Tag: Constitution

Is the Constitution Relevant Today?

In the Washington Post, Paul Kane reports that recent experiences with ultra-conservative Senate candidates have made Republican leaders fearful of candidates like Rep. Paul Broun in Georgia. There may be reasons for party leaders or voters to have doubts about Broun, but I hope they aren’t actually concerned about the purported problem that Kane identifies:

Broun is prone to fiery speeches invoking the Founding Fathers and applying those 1789 principles to issues 225 years later.

Seriously? He thinks the Constitution is still the law of the land? And that the framework it established for individual rights and limited government is still relevant today? Do Republican leaders really think that’s a bad message? Or does the Washington Post?

Thomas Jefferson and his followers hailed “the principles of ‘76” or “the spirit of ‘76” in their battles with Federalists. As historian Joseph Ellis put it, “Jefferson’s core conviction was that what might be called ‘the spirit of ‘76’ had repudiated all energetic expressions of government power, most especially power exercised from faraway places, which included London, Philadelphia or Washington.” Good thing there isn’t an actual Jeffersonian running!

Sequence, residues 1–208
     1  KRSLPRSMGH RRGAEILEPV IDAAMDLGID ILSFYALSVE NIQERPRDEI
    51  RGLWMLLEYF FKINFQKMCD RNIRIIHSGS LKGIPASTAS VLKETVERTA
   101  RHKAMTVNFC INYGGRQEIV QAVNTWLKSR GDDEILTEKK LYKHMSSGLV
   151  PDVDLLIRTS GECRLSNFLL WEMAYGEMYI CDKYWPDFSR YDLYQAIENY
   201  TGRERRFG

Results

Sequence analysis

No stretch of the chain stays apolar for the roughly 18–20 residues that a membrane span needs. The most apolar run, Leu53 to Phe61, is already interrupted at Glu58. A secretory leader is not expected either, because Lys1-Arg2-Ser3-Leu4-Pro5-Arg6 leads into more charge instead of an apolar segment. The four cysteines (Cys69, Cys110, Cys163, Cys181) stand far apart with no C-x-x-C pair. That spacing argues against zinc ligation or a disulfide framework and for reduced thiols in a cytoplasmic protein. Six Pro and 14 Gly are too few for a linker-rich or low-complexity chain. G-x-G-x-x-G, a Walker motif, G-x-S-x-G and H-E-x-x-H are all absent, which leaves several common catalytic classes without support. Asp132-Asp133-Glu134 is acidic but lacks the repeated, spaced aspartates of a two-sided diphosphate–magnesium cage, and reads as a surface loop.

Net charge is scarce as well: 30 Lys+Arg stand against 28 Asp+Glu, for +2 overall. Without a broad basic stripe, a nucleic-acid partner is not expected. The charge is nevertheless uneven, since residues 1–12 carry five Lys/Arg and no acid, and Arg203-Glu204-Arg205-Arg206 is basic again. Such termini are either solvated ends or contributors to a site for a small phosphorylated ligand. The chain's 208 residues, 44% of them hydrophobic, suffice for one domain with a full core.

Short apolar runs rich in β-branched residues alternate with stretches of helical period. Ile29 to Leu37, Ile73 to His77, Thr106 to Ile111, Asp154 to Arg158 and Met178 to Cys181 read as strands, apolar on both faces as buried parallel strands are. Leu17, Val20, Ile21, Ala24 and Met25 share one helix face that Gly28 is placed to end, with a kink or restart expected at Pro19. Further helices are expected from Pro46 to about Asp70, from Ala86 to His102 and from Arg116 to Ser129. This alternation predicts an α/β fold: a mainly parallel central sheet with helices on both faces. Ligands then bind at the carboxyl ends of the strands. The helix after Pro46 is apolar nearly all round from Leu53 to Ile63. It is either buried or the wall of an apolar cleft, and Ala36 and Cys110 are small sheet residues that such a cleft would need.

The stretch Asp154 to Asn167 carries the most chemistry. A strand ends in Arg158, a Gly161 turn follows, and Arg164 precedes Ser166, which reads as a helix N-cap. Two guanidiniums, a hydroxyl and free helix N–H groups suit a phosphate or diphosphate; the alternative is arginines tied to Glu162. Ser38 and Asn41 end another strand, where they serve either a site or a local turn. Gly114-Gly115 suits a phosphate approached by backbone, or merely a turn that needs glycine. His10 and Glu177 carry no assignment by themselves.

But the principles of 1789, or actually of 1787, also protect freedom from government power and are just as essential today as they were at the Founding. The Framers knew their history. They knew that people with power tend to abuse it and to restrict freedom. In his last letter, 50 years after the Declaration of Independence, Jefferson wrote:

All eyes are opened, or opening, to the rights of man. The general spread of the light of science has already laid open to every view the palpable truth, that the mass of mankind has not been born with saddles on their backs, nor a favored few booted and spurred, ready to ride them legitimately, by the grace of God.

Because they feared the exercise of power, the Framers wrote a Constitution that established a government of delegated, enumerated, and thus limited powers. Then the people insisted on a Bill of Rights to further protect their rights even from the very limited federal government established in the Constitution. Then, after identifying specific rights that individuals retained, they also added, “for greater caution,” as James Madison put it, the Ninth Amendment to clarify that “The enumeration in the Constitution, of certain rights, shall not be construed to deny or disparage others retained by the people.”

One would hope that all members of Congress – and voters, and political reporters – believe that those principles and those constitutional rules should be applied to issues of today. Surely the First Amendment remains relevant. And the Fourth. And the limits on unconstrained power in the basic structure of the Constitution. The merits of any particular candidate aside, support of the Constitution and the principles it embodies seems like a good, even minimal, qualification for public office.

On Corrupting the Constitutional Order